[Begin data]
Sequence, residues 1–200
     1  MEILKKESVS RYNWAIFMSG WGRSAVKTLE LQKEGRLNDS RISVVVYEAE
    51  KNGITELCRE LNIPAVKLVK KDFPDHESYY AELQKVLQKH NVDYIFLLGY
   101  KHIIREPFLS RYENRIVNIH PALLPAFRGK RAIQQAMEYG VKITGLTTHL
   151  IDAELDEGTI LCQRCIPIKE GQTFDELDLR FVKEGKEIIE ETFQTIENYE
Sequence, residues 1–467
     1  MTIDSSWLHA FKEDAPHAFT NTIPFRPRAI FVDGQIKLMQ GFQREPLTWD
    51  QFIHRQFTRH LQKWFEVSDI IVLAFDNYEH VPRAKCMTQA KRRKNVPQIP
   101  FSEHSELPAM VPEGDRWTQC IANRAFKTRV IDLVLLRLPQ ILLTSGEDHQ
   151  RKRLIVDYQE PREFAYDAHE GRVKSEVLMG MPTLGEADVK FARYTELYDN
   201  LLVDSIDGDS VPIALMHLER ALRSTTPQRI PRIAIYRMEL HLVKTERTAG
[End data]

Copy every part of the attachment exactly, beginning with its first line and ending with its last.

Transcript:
Sequence, residues 1–200
     1  MEILKKESVS RYNWAIFMSG WGRSAVKTLE LQKEGRLNDS RISVVVYEAE
    51  KNGITELCRE LNIPAVKLVK KDFPDHESYY AELQKVLQKH NVDYIFLLGY
   101  KHIIREPFLS RYENRIVNIH PALLPAFRGK RAIQQAMEYG VKITGLTTHL
   151  IDAELDEGTI LCQRCIPIKE GQTFDELDLR FVKEGKEIIE ETFQTIENYE
Sequence, residues 1–467
     1  MTIDSSWLHA FKEDAPHAFT NTIPFRPRAI FVDGQIKLMQ GFQREPLTWD
    51  QFIHRQFTRH LQKWFEVSDI IVLAFDNYEH VPRAKCMTQA KRRKNVPQIP
   101  FSEHSELPAM VPEGDRWTQC IANRAFKTRV IDLVLLRLPQ ILLTSGEDHQ
   151  RKRLIVDYQE PREFAYDAHE GRVKSEVLMG MPTLGEADVK FARYTELYDN
   201  LLVDSIDGDS VPIALMHLER ALRSTTPQRI PRIAIYRMEL HLVKTERTAG